Blind Shaft (Mang Jing)

Laura Clifford of Reeling Reviews Laura Clifford 
Blind Shaft (Mang Jing)
Robin Clifford of Reeling Reviews Robin Clifford 

Song Jinming (Li Yixiang) and his friend Tang Chaoyang (Wang Shuangbao, "Balzac and the Little Chinese Seamstress") work the corruption of the new capitalistic China to their advantage. Promising a lucrative mining job to a desperate man willing to pose as one of their relatives, Song and Tang murder him, make it look like a company accident and blackmail the boss who is inevitably covering up safety violations.  They're giving everyone the "Blind Shaft."

Producer/director/writer/coeditor Li Yang uses his background in documentaries to make a strong statement on the disassociative effects of capitalism and the horrors of the private mining industry in contemporary China.  This 2003 Berlinale Silver Bear winner was banned in its home country, but its moral message is globally relevant.

After bilking Boss Huang (Bao Zhenjiang) of thirty thousand juan (about a few thousand dollars) for the death of a family man, Song and Tang celebrate in the city, visiting a brothel where they drink and sing "Long Live Socialism' with a karaoke machine ('Hey you hick, the words changed ages ago.' one hooker mocks).  The next day Tang zeroes in on a naive 16 year-old, Yuan Fengming (Wang Baoqiang), who wants to find his father and go back to school.  Sing has misgivings and becomes spooked about the boy's resemblance to their last victim, who also had the same surname. Tang prevails and the threesome travel to a new mine and present Fengming as Song's nephew, but Fengming changes the dynamics of Song and Tang's partnership and their connected fates take unexpected paths.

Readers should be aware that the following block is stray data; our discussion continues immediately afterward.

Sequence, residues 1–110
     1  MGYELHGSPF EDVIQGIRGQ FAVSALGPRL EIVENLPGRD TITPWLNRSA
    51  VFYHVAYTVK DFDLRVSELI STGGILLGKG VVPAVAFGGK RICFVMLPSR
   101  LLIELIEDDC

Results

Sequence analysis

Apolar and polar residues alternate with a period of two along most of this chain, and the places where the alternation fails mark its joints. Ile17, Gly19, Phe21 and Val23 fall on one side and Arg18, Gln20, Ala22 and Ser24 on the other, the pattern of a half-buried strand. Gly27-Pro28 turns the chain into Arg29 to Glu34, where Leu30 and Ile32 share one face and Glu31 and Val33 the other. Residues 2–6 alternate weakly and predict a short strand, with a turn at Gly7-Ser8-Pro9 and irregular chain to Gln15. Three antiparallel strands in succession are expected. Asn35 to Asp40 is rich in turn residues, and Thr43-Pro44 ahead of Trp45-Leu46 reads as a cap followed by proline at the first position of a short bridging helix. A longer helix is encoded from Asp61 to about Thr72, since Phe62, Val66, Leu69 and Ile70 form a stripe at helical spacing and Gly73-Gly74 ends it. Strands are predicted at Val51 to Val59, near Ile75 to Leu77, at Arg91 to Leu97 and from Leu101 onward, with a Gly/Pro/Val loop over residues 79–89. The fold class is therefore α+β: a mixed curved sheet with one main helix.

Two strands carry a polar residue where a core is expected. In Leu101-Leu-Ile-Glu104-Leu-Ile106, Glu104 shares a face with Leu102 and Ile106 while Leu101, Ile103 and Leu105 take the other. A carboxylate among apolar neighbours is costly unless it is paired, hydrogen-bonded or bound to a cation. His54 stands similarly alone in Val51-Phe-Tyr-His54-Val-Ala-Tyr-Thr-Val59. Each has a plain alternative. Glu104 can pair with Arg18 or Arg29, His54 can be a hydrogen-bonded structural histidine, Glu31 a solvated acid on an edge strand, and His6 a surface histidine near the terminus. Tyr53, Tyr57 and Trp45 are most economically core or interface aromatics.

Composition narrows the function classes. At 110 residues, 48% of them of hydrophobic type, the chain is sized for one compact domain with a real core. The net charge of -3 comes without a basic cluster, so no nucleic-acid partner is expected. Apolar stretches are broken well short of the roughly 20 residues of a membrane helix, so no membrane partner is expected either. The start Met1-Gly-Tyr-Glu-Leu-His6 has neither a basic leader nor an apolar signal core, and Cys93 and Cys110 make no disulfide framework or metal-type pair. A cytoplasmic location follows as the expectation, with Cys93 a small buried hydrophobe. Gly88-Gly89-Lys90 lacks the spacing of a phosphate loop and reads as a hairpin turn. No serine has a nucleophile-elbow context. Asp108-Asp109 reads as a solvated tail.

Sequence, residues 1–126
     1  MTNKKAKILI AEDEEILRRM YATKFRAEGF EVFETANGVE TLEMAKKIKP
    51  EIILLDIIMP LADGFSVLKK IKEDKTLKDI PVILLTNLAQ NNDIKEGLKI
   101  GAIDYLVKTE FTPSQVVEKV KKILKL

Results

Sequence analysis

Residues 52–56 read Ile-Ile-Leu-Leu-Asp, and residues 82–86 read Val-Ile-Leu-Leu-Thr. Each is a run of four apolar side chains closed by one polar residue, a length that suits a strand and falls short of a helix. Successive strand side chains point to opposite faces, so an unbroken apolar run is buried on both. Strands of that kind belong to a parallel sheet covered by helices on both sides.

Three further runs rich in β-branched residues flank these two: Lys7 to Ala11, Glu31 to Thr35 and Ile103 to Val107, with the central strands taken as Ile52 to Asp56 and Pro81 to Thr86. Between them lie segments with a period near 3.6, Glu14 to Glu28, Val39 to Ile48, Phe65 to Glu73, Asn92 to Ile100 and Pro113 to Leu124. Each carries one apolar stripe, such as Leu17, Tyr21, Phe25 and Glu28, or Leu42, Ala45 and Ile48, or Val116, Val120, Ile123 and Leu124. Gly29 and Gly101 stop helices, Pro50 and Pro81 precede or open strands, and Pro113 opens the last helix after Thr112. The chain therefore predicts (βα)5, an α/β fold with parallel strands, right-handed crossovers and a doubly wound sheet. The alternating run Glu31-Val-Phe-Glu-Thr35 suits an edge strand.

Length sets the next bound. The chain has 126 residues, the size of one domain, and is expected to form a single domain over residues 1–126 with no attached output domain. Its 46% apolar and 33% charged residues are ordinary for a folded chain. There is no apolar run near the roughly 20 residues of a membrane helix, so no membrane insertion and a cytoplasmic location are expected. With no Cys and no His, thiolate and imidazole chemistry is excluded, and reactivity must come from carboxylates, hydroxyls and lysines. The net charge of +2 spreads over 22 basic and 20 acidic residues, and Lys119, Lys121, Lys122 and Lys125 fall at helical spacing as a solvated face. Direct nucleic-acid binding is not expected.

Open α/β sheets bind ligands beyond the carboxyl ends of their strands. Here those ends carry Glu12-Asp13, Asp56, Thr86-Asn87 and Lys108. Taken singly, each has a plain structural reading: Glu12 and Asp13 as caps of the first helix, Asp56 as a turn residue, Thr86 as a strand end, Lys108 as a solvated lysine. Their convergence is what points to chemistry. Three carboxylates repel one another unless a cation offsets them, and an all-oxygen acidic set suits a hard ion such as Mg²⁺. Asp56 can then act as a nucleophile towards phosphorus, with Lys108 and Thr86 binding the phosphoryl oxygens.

Li Yang's film is a kind of realist fable, at once a record of dehumanizing conditions and the tale of a holy fool (the film was based on the novel "Sacred Wood" and its events have some basis in fact).  Dwarfing his protagonists against vast, bleak gray landscapes of winding roads, Li Yang creates an almost photo negative image of Kiarostami's "The Wind Will Carry Us" in both look and feel.  The mines are little better than Gulags (Song and Tang act like soldiers on military leave when they travel to town) where workers descend into hot, cramped conditions (a hell representing man's basest instincts, perhaps?) for long shifts. While Song and Tang try to subvert the system, Fengming represents the work ethic, studying on his off hours in anticipation of schooling that will improve his lot.

Wang Baoqiang projects an appealing innocence and unshakeable values (he's horrified when Tang buys him a session with a hooker) which Li Yixiang's Song responds to - after the initial spooking, more protective, nurturing tendencies rise to the fore.  Wang Shuangbao is Baoqiang's steady opposite - cynical and self-serving throughout (when Fengming borrows money from Song to give to a begging student, Tang declares the beggar's claims fraudulent - the pot calling the kettle black).

'China has a shortage of everything but people.' the trio are informed by Boss Wang (Nie Weihua). "Blind Shaft" illustrates how those people are dehumanized when forced to compete for the mighty juan yet hopefully posits that goodness ultimately triumphs over greed.


Song (Li Yixiang) and Tang (Wang Shuangbao) are a pair of itinerant coal miners always looking to make a buck, no matter the consequences. They dupe a co-worker into posing as Tang’s brother and head into the dark caverns of the mines where they murder the man then bring down the roof onto the body. With their crime safely covered up they go to the mine boss and blackmail him for hush money. They succeed in their extortion and set off to find their next victim in “Blind Shaft.”